Cockroft formula.png

      In this formula, the body weight that is used may substantially alter the derived GFR. In obese or edematous patients, the total body weight is much greater than the lean body mass from which creatinine is derived, and GFR is overestimated. In cachectic patients with depleted lean body mass, creatinine production is so low that serum creatinine is frequently less than 1.0 mg/dL and overestimates the true GFR. Robert and associates adjusted the Cockroft-Gault equation to incorporate ideal body weight from a nomogram and serum creatinine concentration corrected to 1.0 mg/ dl (if < 1.0 mg/dL). Using this modification they found that single measurements in hemodynamically stable patients correlate more closely with inulin clearance than either a 30 minute or a 24 hour creatinine clearance.

    A more complex nomogram, based on a study called Modification of Diet in Renal Disease (MDRD), is independent of body weight:

MDRD Eqn.png

    When renal function is rapidly changing, serum creatinine–based nomograms are subject to the same limitations as serum creatinine itself. In fact, serum creatinine levels do not begin to increase above normal until the GFR declines below 50 mL/min/1.73 m2, and occasionally they will remain normal even when the GFR dips as low as 20 to 40 mL/min/1.73 m2.

Intact nephron hypothesis

The intact nephron hypothesis describes the process of adaptation in chronic kidney disease. It states:

  1. As CKD advances, kidney function is supported by a

    diminishing pool of functioning (or hyper-functioning) nephrons, rather than a relatively constant number of nephrons each with diminished function.

  2. The sum of the function of the damaged nephrons correlates with the total kidney GFR.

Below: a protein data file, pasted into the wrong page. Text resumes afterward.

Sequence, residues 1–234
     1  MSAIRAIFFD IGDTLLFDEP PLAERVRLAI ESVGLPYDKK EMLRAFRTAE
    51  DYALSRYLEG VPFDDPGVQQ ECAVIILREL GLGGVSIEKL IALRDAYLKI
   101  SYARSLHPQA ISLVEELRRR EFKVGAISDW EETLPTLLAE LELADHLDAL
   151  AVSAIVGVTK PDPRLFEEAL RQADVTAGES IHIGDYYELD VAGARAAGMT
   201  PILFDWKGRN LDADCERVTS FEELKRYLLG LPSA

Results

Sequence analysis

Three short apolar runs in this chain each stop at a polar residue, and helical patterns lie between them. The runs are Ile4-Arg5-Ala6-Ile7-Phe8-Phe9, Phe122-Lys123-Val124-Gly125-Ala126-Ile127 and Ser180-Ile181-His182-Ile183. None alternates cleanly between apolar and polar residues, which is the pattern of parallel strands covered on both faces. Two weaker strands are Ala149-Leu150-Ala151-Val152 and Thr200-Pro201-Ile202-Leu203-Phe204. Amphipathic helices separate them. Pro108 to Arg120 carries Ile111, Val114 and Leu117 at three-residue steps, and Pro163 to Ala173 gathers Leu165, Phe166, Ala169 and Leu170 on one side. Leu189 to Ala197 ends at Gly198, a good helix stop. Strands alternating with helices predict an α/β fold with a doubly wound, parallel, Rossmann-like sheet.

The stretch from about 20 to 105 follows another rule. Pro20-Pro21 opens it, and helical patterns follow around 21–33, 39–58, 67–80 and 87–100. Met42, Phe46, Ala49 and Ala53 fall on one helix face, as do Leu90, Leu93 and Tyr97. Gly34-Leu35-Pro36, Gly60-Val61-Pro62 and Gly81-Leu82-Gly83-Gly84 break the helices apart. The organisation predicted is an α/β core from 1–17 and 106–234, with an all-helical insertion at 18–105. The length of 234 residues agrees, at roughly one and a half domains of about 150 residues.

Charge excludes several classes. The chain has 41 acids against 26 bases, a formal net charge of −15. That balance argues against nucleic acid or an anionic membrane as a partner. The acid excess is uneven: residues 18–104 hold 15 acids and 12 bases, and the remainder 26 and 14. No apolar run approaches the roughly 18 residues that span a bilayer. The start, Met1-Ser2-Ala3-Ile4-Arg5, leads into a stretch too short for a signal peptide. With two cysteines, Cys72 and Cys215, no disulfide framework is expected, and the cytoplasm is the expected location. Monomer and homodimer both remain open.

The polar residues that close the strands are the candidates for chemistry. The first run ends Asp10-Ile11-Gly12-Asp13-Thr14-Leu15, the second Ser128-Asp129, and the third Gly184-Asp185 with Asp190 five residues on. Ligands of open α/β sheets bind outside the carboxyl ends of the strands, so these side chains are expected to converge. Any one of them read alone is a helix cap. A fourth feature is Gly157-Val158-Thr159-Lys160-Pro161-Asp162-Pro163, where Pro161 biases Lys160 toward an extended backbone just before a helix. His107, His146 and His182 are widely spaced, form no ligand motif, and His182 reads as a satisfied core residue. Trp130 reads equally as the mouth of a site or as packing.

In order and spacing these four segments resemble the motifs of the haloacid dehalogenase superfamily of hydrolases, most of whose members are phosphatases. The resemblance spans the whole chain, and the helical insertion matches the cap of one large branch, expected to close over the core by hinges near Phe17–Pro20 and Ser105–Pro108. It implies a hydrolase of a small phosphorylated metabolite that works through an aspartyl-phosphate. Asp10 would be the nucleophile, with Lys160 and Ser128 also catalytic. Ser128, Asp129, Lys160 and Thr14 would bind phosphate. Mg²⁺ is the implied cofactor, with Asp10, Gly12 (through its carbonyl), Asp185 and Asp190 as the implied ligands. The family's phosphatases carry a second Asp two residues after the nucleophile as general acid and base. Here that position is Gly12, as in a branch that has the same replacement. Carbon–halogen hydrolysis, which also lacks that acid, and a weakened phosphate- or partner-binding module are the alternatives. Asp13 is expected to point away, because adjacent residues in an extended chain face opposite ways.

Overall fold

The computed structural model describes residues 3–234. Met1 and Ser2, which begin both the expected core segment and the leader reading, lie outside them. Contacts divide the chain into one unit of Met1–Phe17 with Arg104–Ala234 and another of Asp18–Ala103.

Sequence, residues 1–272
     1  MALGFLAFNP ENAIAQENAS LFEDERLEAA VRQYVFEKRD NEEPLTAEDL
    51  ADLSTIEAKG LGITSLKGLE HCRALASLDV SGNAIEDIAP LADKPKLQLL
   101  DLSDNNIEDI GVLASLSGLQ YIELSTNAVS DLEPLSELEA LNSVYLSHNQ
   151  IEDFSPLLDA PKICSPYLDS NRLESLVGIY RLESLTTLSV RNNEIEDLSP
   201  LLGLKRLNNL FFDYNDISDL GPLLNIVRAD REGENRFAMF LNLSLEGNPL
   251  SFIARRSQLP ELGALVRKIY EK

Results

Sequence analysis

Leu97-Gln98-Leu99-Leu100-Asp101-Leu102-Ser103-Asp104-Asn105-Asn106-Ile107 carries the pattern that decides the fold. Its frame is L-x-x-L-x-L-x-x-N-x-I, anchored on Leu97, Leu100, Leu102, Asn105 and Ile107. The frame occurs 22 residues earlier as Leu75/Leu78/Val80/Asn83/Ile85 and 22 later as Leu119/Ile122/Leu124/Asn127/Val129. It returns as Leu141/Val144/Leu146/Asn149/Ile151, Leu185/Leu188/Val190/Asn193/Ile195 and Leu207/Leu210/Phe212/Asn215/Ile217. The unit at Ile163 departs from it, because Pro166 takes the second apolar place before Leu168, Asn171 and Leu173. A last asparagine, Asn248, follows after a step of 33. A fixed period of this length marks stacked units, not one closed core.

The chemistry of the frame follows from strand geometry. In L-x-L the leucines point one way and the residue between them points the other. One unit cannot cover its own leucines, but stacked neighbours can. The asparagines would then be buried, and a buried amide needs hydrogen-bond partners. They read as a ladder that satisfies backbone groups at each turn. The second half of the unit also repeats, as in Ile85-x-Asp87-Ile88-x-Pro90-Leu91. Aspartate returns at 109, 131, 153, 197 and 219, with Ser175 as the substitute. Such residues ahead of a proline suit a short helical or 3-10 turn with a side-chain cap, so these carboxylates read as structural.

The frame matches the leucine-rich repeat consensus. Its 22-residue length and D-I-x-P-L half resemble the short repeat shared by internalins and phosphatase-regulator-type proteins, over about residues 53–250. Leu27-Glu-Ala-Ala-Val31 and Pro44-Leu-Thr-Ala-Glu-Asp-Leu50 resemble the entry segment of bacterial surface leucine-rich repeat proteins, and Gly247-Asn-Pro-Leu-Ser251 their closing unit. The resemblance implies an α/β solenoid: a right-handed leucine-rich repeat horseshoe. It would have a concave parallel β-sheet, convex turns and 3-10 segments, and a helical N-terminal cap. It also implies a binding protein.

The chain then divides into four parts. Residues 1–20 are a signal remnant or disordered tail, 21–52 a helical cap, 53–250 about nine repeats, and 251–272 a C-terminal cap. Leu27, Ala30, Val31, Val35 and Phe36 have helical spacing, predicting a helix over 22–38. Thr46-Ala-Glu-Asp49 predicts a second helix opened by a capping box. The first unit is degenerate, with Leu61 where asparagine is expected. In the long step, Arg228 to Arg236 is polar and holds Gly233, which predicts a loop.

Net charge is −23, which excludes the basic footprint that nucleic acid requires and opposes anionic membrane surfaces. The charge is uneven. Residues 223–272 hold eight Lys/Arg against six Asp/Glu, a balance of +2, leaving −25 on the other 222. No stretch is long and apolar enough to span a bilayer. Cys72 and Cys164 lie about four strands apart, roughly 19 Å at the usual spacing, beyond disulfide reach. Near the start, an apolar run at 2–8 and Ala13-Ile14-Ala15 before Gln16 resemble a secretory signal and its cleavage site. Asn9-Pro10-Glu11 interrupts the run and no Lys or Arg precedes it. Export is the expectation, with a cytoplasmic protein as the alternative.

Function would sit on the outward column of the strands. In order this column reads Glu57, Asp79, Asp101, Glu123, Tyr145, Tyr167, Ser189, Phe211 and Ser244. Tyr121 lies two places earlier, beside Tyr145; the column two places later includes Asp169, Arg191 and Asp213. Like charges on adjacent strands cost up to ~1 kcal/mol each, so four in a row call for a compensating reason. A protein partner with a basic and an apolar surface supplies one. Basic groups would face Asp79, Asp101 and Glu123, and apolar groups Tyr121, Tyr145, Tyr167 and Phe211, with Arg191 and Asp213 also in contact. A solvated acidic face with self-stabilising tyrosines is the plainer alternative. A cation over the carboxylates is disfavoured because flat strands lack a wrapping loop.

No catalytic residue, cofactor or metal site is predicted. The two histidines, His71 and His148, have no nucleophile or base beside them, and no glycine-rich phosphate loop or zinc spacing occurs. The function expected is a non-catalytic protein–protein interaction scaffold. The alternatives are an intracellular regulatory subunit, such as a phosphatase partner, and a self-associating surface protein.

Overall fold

3. The chronically damaged kidney continues to regulate and responds to the needs of the organism in an organized, meaningful, and directed fashion.

Tubulo-glomerular feedback

       Tubuloglomerular feedback may be a primary mechanism in renal autoregulation. When the GFR is increased, distal tubular NaCl delivery is enhanced. The increase in chloride is sensed by the macula densa, which triggers the release of renin from the adjacent afferent arteriole. Angiotensin is elaborated and arteriolar constriction ensues, which decreases the GFR. It may also be a compensatory mechanism to prevent polyuria in acute renal failure (“acute renal success”). When the thick ascending loop becomes ischemic, reabsorption of NaCl ceases, the ability of the tubule to concentrate urine is lost, and theoretically, intractable polyuria should result. Thurau and Boylan16 suggested that the increased delivery of NaCl to the macula densa triggers angiotensin-mediated arteriolar constriction, which decreases the GFR, induces oliguria, conserves intravascular volume, and protects the organism from dehydration—so-called acute renal success.

Renal autoregulation

     Autoregulation enables the kidney to maintain solute and water regulation independently of wide fluctuations in arterial blood pressure. It is noteworthy that the urinary flow rate is not subject to autoregulation. Tubular water reabsorption determines the urinary flow rate and is closely related to hydrostatic pressure in the peritubular capillaries. Hypotension, whether induced or inadvertent, results in a decreased urinary flow rate that may be correctable only when arterial blood pressure is restored toward normal.